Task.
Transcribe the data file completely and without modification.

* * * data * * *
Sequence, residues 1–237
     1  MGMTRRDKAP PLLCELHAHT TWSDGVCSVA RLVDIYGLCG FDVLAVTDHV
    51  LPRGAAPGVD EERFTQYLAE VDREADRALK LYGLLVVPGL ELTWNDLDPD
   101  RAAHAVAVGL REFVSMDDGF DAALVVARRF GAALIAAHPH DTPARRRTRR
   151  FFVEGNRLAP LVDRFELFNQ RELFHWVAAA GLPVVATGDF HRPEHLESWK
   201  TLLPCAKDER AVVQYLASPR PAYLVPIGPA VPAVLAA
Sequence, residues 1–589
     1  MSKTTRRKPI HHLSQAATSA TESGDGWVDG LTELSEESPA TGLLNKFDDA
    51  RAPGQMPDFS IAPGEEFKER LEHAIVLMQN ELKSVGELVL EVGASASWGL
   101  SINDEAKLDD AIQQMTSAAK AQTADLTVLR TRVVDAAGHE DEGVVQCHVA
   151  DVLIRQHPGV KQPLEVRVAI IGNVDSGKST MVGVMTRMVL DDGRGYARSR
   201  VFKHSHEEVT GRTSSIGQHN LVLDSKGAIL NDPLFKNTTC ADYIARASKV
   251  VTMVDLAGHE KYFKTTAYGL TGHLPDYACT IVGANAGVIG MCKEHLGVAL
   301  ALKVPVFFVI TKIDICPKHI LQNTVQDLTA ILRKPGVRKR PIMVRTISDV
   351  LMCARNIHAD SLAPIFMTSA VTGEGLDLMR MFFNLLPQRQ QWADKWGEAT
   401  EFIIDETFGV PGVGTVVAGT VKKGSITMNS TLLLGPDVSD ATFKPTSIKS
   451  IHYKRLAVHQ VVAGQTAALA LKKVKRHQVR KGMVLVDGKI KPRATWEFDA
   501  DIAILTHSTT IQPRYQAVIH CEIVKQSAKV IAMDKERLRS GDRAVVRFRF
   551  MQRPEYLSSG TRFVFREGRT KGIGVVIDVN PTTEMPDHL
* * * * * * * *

Sequence, residues 1–237
     1  MGMTRRDKAP PLLCELHAHT TWSDGVCSVA RLVDIYGLCG FDVLAVTDHV
    51  LPRGAAPGVD EERFTQYLAE VDREADRALK LYGLLVVPGL ELTWNDLDPD
   101  RAAHAVAVGL REFVSMDDGF DAALVVARRF GAALIAAHPH DTPARRRTRR
   151  FFVEGNRLAP LVDRFELFNQ RELFHWVAAA GLPVVATGDF HRPEHLESWK
   201  TLLPCAKDER AVVQYLASPR PAYLVPIGPA VPAVLAA
Sequence, residues 1–589
     1  MSKTTRRKPI HHLSQAATSA TESGDGWVDG LTELSEESPA TGLLNKFDDA
    51  RAPGQMPDFS IAPGEEFKER LEHAIVLMQN ELKSVGELVL EVGASASWGL
   101  SINDEAKLDD AIQQMTSAAK AQTADLTVLR TRVVDAAGHE DEGVVQCHVA
   151  DVLIRQHPGV KQPLEVRVAI IGNVDSGKST MVGVMTRMVL DDGRGYARSR
   201  VFKHSHEEVT GRTSSIGQHN LVLDSKGAIL NDPLFKNTTC ADYIARASKV
   251  VTMVDLAGHE KYFKTTAYGL TGHLPDYACT IVGANAGVIG MCKEHLGVAL
   301  ALKVPVFFVI TKIDICPKHI LQNTVQDLTA ILRKPGVRKR PIMVRTISDV
   351  LMCARNIHAD SLAPIFMTSA VTGEGLDLMR MFFNLLPQRQ QWADKWGEAT
   401  EFIIDETFGV PGVGTVVAGT VKKGSITMNS TLLLGPDVSD ATFKPTSIKS
   451  IHYKRLAVHQ VVAGQTAALA LKKVKRHQVR KGMVLVDGKI KPRATWEFDA
   501  DIAILTHSTT IQPRYQAVIH CEIVKQSAKV IAMDKERLRS GDRAVVRFRF
   551  MQRPEYLSSG TRFVFREGRT KGIGVVIDVN PTTEMPDHL